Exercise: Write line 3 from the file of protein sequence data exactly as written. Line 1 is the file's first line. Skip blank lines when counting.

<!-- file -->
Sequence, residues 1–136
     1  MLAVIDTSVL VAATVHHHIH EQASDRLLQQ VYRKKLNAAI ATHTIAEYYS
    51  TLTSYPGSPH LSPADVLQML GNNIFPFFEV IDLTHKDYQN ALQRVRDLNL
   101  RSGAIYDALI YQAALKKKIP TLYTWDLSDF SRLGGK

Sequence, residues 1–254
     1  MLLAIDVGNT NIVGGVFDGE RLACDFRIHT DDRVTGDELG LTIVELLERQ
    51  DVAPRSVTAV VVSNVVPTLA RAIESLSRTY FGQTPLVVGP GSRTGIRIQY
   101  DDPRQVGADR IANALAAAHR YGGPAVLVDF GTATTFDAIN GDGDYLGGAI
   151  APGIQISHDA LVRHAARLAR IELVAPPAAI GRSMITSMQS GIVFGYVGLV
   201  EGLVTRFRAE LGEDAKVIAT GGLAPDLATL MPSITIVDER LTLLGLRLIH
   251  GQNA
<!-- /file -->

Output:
    51  TLTSYPGSPH LSPADVLQML GNNIFPFFEV IDLTHKDYQN ALQRVRDLNL